NEW YORK, Nov. 9, 2015 /PRNewswire-USNewswire/ -- Karen Heisig of Rochester, New York, met her husband, Maurice, at Niagara University in her first few days as a college freshman. They fell in love and were married two years later. While attending college, Maurice was in the ROTC, the college-based officer training program for the US Army. He enjoyed years of service in the Army and remained passionate about the military until he retired. Maurice, or "Mo" as his friends called him, loved running, hiking, and the beach. He graduated at the top of his class in high school and college. He was a devoted father to his two children and was a practicing Catholic. So when Mo took his own life in 2006, Karen struggled to understand why and find a way to move forward in her grief.
It wasn't until Karen attended an annual Survivor Day event that she realized she wasn't alone in her grief. Led by the American Foundation for Suicide Prevention (AFSP), Survivor Day is the one day a year when people affected by suicide loss gather around the world at local events to find comfort and gain understanding as they share stories of healing and hope. Survivor Day 2015 takes place on Saturday, November 21.
"Losing my husband to suicide is a part of my story. I can't change that. But I do get to decide whether I let the experience make me bitter or whether I get better as the next chapter unfolds," said Karen Heisig, suicide loss survivor and Survivor Day organizer. "Survivor Day provides a safe environment for people to let their guard down. Suicide loss is a very complicated grief. If I can give people tools to move forward and help them not let their grief consume them, it helps me to heal myself."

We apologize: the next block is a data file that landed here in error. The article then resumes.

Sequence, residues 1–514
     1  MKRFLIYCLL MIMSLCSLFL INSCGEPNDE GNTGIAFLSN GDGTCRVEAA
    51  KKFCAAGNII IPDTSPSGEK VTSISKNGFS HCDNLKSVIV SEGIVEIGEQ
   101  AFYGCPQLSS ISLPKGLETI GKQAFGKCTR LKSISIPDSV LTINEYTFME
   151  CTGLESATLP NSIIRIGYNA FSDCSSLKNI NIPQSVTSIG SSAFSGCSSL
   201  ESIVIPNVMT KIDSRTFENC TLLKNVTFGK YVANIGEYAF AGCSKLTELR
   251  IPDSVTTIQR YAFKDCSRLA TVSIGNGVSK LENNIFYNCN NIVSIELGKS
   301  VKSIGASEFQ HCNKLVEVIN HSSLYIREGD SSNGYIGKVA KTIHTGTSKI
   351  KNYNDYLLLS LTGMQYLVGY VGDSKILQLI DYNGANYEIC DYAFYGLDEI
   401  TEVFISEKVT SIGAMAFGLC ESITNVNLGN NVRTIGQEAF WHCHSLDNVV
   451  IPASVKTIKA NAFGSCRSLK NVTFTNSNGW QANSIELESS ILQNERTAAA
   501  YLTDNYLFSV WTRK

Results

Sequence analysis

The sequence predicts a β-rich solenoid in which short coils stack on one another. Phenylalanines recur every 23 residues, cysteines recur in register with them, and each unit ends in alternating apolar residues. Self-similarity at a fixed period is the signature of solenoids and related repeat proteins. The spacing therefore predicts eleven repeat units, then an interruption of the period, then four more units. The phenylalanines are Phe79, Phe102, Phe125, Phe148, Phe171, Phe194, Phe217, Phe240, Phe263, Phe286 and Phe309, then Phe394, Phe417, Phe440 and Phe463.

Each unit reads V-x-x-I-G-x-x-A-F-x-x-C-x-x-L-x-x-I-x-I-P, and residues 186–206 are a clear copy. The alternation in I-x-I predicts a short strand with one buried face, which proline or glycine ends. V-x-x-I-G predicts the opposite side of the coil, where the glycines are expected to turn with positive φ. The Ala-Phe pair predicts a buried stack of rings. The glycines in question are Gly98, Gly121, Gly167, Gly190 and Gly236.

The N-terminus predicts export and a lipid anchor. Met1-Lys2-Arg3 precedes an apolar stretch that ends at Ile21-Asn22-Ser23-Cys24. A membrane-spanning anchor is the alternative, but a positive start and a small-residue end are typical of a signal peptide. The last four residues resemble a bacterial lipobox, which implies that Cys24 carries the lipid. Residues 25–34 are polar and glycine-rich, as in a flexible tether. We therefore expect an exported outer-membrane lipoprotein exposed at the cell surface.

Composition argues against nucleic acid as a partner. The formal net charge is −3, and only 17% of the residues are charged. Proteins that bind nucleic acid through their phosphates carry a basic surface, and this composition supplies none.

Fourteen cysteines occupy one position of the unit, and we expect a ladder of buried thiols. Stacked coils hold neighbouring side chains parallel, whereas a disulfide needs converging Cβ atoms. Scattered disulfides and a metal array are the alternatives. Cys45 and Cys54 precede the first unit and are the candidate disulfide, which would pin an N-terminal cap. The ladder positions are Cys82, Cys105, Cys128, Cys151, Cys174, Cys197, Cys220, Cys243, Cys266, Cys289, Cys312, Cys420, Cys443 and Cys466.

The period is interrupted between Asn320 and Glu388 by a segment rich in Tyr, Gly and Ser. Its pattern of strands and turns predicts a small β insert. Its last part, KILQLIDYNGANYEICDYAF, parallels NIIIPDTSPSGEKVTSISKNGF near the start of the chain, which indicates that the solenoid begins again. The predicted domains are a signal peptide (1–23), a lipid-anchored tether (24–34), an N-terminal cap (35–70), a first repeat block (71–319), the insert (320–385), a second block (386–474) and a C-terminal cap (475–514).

This year's Survivor Day events will include a screening of the new AFSP-produced Survivor Day documentary, Family Journeys: Healing and Hope after a Suicide, directed by Jeff Gersh of Portland, Oregon–based NarrativeLab Communications. These events are free and open to the public.
"Suicide can tear a black hole of sorrow in a family. But grief can also draw them closer together as they discover new aspects of themselves and their family members," said Dr. Christine Moutier, Chief Medical Officer of AFSP. "With our Survivor Day events, people are able to gather to talk about the loss they experienced and find comfort in the knowledge that they are not alone."
History of Survivor Day
In 1999, Senator Harry Reid, a survivor of his father's suicide, introduced a new resolution into the U.S. Senate. With its passage, the U.S. Congress designated the Saturday before Thanksgiving International Survivors of Suicide Loss Day, a day on which friends and family of those who have died by suicide can join together for healing and support.
To learn more or find a Survivor Day event near you: survivorday.org
The American Foundation for Suicide Prevention is dedicated to saving lives and bringing hope to those affected by suicide. AFSP creates a culture that's smart about mental health through education and community programs, develops suicide prevention through research and advocacy, and provides support for those affected by suicide. Led by CEO Robert Gebbia and headquartered in New York, AFSP has 81 local chapters with programs and events nationwide. Learn more about AFSP in its latest Annual Report, and join the conversation on suicide prevention by following AFSP on Facebook, Twitter, Instagram, and YouTube.
SOURCE American Foundation for Suicide Prevention